Four Key Principles for Apologetics

At its heart, apologetics is beautifully simple and intricately connected to the heart of the gospel. As I’ve wrestled with people’s questions, I’ve learned there are a number of basic principles that apply time and again, no matter who I’m talking with.

1. Know what you believe
This is a challenge for those of us raised in the Church, or who have been Christians for decades. Too often we give how-shaped answers to why-shaped questions. If somebody asks you why you are a Christian, giving a narrative of how you became one isn’t always helpful. Many of our friends want to know why you’re a Christian now, today, with all of the challenges to your faith that daily attack you. What’s your elevator speech for Christianity?

2. Rediscover the power of questions
We’ve tried to reduce evangelism to formulas or methodologies. But the most powerful form of sharing the gospel is talking to people. Learn to ask your friends what they believe (or don’t believe). If a colleague at work is a Muslim, try saying, “I’ve never really talked to a Muslim before. What do you believe?” Or if a friend self-describes as an atheist, respond, “ ‘Atheist’ tells me what you don’t believe. But what do you believe?” (As an aside, I happen to believe that “atheism” is for many people, a worldview in its own right; but asking that question can open up the conversation).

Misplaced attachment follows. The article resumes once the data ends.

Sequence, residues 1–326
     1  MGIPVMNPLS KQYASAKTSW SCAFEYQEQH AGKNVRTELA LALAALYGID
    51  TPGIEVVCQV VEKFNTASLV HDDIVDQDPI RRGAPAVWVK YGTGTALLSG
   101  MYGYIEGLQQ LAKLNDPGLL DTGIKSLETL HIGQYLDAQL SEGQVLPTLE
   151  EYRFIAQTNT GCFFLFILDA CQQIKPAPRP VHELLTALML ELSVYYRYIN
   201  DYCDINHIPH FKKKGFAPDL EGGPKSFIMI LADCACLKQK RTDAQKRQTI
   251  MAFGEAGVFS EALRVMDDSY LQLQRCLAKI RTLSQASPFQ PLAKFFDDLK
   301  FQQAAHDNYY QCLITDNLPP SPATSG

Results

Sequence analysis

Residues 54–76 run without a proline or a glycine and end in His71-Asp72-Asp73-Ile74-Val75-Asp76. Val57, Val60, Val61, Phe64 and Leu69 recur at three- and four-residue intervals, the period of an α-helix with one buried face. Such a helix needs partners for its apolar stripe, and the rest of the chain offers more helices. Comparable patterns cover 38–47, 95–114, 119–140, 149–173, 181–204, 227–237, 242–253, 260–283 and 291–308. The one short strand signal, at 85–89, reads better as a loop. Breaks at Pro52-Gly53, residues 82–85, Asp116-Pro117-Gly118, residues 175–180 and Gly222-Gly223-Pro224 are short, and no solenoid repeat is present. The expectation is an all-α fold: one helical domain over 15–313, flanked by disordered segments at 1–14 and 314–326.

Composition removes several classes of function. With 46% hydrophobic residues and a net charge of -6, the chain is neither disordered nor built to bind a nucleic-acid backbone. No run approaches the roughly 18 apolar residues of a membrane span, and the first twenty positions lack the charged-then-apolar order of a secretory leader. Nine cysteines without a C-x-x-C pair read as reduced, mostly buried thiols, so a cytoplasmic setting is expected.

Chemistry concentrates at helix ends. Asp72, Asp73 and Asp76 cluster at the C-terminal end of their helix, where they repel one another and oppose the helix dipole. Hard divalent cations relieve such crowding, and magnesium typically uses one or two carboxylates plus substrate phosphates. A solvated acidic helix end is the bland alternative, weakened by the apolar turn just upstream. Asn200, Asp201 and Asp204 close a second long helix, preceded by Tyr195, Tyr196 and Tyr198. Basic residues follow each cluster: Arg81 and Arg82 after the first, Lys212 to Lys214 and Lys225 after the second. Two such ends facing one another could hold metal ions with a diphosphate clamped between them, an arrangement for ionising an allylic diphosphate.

3. Engage people’s honest questions
Don’t ignore objections. A few months ago I met Alex, a young university student, who introduced himself to me as an agnostic. “I used to be a Christian,” he explained, “but I was raised in a fundamentalist family.” Questions about religion were forbidden in his family and church. Alex began to read atheist books and eventually abandoned his faith.
“But you introduced yourself as an ‘agnostic,’ ” I said gently. “What happened?” Alex explained he attended a local atheist group, and discovered that they were, in his words, “fundamentalists too.” Questioning was not allowed there either. Alex told me he didn’t know what to believe or disbelieve any more. Then, he asked me if I thought he was lazy. I replied, “There are two types of agnostics. A lazy agnostic is somebody who can’t be bothered to find the answer to the God question. An active agnostic is genuinely searching for the answer, but just hasn’t found it yet.” We talked long into the evening and slowly began to deal with some of the questions Alex had buried for so long.

4. Know what the gospel really is
That sounds obvious, doesn’t it, but a good deal of our problems in the Church stem from forgetting. We’ve allowed the gospel to become tangled up with political positions, culture wars or moralism. As an atheist friend once put it to me, “I know what you Christians are against, but I have no idea what you’re for.” A brilliant, if tragic, observation.
Conclusion: Clearing the Ground
Ultimately, the task of apologetics is largely one of debris clearing: removing the obstacles so people can see Jesus clearly. Arguments can’t bring somebody to faith, but they can help create a climate in which faith is possible. Ultimately, what people need is not a clever argument, but to see the greatness and attractiveness of Jesus. Our task, and the task of apologetics, is simply to present Him as clearly as we can. And then get out of the way.

This was extracted from my longer article, ‘Apologetics Without Apology’, the cover story in the March/April 2015 edition of Faith Today magazine. You can read the full article online , or download a PDF of it here.